Executive Briefings

Toyota's Blues Signal Brand Loyalty Isn't What It Used to Be

Toyota Motor Corp.'s U.S. vehicle sales fell in 2010 while industrywide sales rose 11 percent and every other major automaker reported gains. Ford Motor Co. moved up to second place behind only General Motors Co.

Ford displaced Toyota as No. 2 in the U.S. with 1.97 million vehicles sold in the year, up 17 percent from 2009, compared with Toyota's sales of 1.76 million cars and trucks. GM retained the top spot with U.S. sales of 2.22 million vehicles, an increase of 7 percent. Deliveries in December accelerated to the fastest pace of the year.

Toyota recalled more than 8 million vehicles worldwide last year, mostly for flaws related to unintended acceleration, with the majority occurring in the U.S.

"The black clouds from Toyota's recalls just don't seem to go away," said Jesse Toprak, vice president of industry trends for Santa Monica, California-based auto pricing website Truecar.com. "Brand loyalty isn't what it used to be."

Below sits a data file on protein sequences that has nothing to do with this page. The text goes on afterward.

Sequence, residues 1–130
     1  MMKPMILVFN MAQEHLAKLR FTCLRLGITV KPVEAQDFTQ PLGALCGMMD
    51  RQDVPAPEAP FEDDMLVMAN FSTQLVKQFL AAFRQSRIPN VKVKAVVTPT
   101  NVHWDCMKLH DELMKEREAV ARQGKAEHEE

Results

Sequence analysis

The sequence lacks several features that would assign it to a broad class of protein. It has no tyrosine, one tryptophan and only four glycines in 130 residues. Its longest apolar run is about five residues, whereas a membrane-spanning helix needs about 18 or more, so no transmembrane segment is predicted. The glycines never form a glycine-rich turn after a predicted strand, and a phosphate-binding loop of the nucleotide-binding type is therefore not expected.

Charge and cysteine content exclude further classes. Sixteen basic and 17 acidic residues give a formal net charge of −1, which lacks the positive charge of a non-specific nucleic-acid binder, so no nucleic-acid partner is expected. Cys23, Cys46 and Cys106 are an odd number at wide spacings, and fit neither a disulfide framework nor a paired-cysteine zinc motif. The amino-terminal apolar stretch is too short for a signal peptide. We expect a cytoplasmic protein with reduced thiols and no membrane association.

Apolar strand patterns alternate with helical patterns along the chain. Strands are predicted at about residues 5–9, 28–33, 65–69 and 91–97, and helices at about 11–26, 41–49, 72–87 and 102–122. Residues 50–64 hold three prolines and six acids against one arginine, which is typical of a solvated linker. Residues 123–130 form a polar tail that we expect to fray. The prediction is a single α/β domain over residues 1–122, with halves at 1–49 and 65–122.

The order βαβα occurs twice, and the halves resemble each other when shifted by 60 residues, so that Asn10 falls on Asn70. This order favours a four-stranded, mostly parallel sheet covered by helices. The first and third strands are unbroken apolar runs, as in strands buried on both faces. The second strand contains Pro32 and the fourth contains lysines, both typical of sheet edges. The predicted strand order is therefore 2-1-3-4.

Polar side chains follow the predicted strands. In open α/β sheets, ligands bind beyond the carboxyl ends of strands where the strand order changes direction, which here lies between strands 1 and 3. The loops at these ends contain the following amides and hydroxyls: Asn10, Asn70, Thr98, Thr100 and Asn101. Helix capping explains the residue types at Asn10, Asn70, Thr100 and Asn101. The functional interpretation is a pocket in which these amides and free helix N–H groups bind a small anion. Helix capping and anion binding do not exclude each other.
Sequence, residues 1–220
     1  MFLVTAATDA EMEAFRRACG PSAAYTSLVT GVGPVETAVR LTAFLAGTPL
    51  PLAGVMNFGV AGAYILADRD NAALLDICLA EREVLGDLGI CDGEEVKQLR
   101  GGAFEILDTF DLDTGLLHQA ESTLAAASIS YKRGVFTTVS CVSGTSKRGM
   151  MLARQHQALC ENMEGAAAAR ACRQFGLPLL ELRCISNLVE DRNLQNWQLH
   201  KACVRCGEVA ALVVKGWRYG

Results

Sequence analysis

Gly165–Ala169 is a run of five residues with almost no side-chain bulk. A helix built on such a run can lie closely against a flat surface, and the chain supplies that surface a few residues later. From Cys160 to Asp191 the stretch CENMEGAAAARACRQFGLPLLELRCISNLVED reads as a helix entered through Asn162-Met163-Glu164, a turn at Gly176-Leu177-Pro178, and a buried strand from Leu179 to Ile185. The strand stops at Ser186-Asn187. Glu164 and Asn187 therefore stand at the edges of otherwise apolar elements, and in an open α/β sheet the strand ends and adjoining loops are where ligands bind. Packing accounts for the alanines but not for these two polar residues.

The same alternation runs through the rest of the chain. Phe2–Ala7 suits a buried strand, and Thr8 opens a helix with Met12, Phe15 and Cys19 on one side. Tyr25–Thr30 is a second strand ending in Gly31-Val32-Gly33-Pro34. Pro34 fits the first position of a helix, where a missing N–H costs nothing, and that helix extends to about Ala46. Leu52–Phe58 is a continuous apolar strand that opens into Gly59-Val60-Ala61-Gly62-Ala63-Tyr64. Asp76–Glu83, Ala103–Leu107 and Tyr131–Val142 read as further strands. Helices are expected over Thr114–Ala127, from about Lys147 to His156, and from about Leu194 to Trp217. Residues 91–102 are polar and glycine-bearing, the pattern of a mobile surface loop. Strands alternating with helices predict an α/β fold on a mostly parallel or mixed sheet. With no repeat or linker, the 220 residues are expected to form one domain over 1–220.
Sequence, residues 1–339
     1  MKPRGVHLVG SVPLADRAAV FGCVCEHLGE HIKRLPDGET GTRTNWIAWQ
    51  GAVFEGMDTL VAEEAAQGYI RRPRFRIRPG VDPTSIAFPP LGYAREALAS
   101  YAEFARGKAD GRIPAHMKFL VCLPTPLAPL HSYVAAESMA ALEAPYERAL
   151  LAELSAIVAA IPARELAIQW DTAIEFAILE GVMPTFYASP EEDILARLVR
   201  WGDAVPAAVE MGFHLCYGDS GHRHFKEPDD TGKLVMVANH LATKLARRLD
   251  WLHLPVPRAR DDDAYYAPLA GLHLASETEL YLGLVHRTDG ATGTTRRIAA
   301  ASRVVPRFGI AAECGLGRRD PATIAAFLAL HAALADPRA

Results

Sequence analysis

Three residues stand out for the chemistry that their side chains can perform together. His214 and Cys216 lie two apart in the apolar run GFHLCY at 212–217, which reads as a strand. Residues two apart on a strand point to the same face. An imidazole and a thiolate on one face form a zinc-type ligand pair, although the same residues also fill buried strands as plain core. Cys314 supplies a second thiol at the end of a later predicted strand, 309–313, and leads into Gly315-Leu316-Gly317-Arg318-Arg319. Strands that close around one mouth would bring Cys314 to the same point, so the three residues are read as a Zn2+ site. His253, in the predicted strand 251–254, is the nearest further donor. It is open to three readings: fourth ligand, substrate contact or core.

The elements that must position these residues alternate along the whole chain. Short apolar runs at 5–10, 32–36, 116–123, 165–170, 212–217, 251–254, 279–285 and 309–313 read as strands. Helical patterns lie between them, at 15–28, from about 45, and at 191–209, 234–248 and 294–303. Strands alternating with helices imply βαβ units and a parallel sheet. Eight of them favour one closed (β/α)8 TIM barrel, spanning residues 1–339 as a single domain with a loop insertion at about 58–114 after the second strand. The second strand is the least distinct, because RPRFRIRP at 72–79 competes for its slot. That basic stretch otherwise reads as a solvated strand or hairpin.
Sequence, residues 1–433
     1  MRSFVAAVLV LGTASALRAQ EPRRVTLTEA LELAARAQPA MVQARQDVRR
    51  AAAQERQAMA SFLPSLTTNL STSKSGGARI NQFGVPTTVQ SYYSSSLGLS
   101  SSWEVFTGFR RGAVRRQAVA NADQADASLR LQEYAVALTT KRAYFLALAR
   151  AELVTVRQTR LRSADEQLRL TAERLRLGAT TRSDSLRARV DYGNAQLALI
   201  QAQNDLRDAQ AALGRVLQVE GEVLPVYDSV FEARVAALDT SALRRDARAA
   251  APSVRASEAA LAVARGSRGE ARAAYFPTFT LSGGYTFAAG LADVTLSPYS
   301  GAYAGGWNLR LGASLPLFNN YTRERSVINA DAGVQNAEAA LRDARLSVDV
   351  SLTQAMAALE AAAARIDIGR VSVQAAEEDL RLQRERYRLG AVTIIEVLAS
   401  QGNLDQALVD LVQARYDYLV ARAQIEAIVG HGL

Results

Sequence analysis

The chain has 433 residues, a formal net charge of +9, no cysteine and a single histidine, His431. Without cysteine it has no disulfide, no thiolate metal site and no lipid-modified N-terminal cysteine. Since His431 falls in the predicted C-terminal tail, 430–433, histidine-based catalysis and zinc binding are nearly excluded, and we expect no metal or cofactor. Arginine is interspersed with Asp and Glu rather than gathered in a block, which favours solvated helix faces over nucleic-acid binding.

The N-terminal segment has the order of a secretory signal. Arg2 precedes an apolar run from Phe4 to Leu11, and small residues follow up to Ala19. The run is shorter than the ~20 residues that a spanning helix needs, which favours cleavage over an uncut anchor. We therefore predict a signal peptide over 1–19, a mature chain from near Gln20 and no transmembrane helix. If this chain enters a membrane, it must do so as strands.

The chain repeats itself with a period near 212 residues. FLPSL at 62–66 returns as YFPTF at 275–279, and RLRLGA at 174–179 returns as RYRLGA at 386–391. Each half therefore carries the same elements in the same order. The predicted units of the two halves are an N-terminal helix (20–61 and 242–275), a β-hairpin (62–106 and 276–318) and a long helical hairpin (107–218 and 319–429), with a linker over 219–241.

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Toyota Motor Corp.'s U.S. vehicle sales fell in 2010 while industrywide sales rose 11 percent and every other major automaker reported gains. Ford Motor Co. moved up to second place behind only General Motors Co.

Ford displaced Toyota as No. 2 in the U.S. with 1.97 million vehicles sold in the year, up 17 percent from 2009, compared with Toyota's sales of 1.76 million cars and trucks. GM retained the top spot with U.S. sales of 2.22 million vehicles, an increase of 7 percent. Deliveries in December accelerated to the fastest pace of the year.

Toyota recalled more than 8 million vehicles worldwide last year, mostly for flaws related to unintended acceleration, with the majority occurring in the U.S.

"The black clouds from Toyota's recalls just don't seem to go away," said Jesse Toprak, vice president of industry trends for Santa Monica, California-based auto pricing website Truecar.com. "Brand loyalty isn't what it used to be."

Read Full Article